This is what the faith dictates and decrees. That is why it has always been regarded as an act of schism if even a Pope were to attempt to change the rites, to alter the ceremonies of the liturgy. The Popes have solemnly professed for so many centuries that this is not within their power. This is also taught by the official designated theologian of the Council of Basel [which eventually moved to Florence and became the Council of Florence]. This theologian, Cardinal Juan de Torquemada, was the theologian responsible in the formulation of the doctrines that were defined at Florence, as the one I mentioned earlier. Torquemada explains that if the Pope were to change the rites, or attempt to change the rites, he would be committing an act of schism.

Thus, regardless of Quo Primum, it had been a well established teaching of the Catholic Faith that the Roman rite cannot be trashed and replaced with a new rite. To do so is contrary to the law of God as defined by the infallible Magisterium of the Church.

Beyond that, however, when we look at Quo Primum, we see that Pope St. Pius V refers to the Roman rite as that rite "which has been handed down in the Roman Church." He was clearly designating that the rite in the Missal that he codified is precisely that rite which is the customary rite, "the received and ap- proved rite customarily used in the solemn administration of the Sacraments." [Trent, Sess. 7, Cn. 13]

Therefore, the so-called Tridentine Rite of Mass is the only lawful rite that can ever exist in the Roman Church. The Tridentine Rite is the Roman Rite. And just as it would be considered absolutely outrageous for anyone to try to impose a new rite [or even the Roman rite] on the Greek Church, likewise, it is an outrage for anyone to impose a new rite on the Roman Church.

Ironically, even the 1983 Code of Canon Law upholds the right and the duty of Catholics to adhere to their customary rites. As Roman Catholics, our customary rites are the Roman rites, the ceremonies of the Roman Rite. The Popes have professed and the Church has solemnly taught that this cannot be taken away from us. We may not defect from that rite and embrace a new rite without violating what has been taught as a doctrine of the faith in the Church down through the centuries. Quo Primum is entirely based on this teaching. It is an application of this teaching.

In general, the formulation defined by the Church is that we adhere to our own customary, received and approved rite. What Pope Pius V points out in Quo Primum, is that the rite in this Missal, this Roman Missal, is the received and approved rite of the Roman Church. Therefore, it is a particular application of the dogmatic teaching taught by the Council of Trent in Session 7 Canon 13 formulated in a different manner, on a different point, previously by the Council of Florence.

Thus, we cannot say that Quo Primum is merely a disciplinary decree. It is disciplinary, of course, it refers to discipline. But it is a disciplinary decree based on dogma. It is rooted in dogma and therefore, it has a much greater force than something merely disciplinary. We are not dealing with merely ecclesiastical laws because it is the application of Divine law as has been solemnly defined by the Church's infallible Magisterium.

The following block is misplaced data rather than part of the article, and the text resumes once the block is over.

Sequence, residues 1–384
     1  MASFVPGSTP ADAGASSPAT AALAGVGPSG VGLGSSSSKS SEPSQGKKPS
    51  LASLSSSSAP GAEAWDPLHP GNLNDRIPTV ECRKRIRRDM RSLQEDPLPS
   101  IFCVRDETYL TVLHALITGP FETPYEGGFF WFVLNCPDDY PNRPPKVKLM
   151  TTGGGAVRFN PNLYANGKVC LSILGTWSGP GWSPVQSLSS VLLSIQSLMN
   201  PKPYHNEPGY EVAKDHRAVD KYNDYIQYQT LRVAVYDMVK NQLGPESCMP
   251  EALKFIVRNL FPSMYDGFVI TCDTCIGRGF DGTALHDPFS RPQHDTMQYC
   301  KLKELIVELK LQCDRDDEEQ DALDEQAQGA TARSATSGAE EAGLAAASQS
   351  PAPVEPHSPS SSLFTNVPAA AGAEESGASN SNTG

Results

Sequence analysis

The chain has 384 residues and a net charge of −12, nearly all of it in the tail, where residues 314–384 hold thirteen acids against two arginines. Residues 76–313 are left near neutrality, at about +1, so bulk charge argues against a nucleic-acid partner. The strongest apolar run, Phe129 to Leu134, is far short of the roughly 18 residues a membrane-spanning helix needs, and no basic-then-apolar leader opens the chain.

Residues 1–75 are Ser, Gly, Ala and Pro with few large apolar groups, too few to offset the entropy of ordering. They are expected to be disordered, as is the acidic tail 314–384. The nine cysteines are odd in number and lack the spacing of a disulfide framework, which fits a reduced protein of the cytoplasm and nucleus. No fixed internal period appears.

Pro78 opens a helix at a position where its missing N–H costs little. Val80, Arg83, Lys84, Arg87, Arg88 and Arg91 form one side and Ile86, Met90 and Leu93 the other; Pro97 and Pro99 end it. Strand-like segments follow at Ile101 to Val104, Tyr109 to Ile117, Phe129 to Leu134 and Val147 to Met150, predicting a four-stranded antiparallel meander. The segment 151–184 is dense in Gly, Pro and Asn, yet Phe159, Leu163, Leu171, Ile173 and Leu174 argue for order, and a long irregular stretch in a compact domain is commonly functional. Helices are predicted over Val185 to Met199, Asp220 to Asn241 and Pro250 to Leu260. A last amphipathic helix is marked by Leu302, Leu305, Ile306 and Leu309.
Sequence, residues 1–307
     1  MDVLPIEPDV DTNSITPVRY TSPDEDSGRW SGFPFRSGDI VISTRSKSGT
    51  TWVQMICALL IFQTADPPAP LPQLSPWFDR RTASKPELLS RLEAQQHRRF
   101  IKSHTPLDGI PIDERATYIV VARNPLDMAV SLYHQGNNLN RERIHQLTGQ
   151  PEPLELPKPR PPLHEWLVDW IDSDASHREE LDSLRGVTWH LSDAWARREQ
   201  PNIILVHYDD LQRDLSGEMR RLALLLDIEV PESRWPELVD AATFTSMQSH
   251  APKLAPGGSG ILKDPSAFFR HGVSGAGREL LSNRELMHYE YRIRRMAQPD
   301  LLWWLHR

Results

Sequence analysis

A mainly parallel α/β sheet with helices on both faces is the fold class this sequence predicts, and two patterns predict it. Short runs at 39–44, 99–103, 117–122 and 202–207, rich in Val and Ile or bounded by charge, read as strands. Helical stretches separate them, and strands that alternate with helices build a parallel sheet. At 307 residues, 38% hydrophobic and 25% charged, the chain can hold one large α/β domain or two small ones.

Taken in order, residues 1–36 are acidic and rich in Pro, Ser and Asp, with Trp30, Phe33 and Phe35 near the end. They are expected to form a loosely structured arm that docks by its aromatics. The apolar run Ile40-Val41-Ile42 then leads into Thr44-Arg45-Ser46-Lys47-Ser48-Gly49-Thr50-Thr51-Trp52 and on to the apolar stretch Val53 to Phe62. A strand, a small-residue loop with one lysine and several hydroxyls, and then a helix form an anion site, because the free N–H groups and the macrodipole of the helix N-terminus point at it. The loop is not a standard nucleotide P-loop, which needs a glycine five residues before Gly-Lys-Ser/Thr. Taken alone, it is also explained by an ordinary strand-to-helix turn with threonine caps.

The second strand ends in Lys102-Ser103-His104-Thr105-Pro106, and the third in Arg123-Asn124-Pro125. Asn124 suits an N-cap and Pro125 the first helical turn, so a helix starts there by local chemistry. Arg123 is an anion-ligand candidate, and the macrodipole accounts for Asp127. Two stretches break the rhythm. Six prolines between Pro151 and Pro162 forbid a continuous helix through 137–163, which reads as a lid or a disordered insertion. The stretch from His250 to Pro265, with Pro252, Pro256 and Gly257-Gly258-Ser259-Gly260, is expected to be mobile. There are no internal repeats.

Being fully aware of this, Pope St. Pius V did not shrink from saying "by our Apostolic authority . . . we order and declare . . . that this present Constitution can never be revoked or modified, but shall forever remain valid and have the force of law." He declared solemnly and definitively that Quo Primum cannot ever be revoked or modified.

Why did he do this? Because it is an application of the Divine Law as defined by the Church regarding the Roman Rite specifically, the Roman Church specifically. So it is not merely disciplinary , it is a disciplinary decree rooted in the doctrine of the faith. There are other legal formulations used in other decrees saying "henceforth in perpetuity" but we are not dealing with something so simple as this. We are dealing with a very explicit pronouncement wherein he says, "by our Apostolic authority . . . we order and declare . . . that this present Constitution can never be revoked or modified, but shall forever remain valid and have the force of law."

However, even if the Pope had never issued Quo Primum, the doctrine of the Church had been previously defined. The proper liturgy of the Roman Church is the Roman Rite. This is the faith. This is the teaching of the Church. So even if Quo Primum never existed and even if Pope Pius V had not codified the Missal, Catholics would still be bound their customary traditional rites, the so-called Tridentine Rite, and other similar variations of the same. This is the doctrine of the faith and it can never change.

Father Paul Kramer further develops this thesis in his soon-to-be-released book, The Suicide of Altering the Faith in the Liturgy. Catholic Family News will announce the availability of book when it is published,  this year it is hoped.

1. See The Angelus, April 2001, p 16.
2. "Cardinal Stickler Confirms Tridentine Mass Never Forbidden,"  Vennari, Catholic Family News, reprint #22 for $1.75 US. The article is not archived.

Reprinted from the June 2001 Issue of Catholic Family News.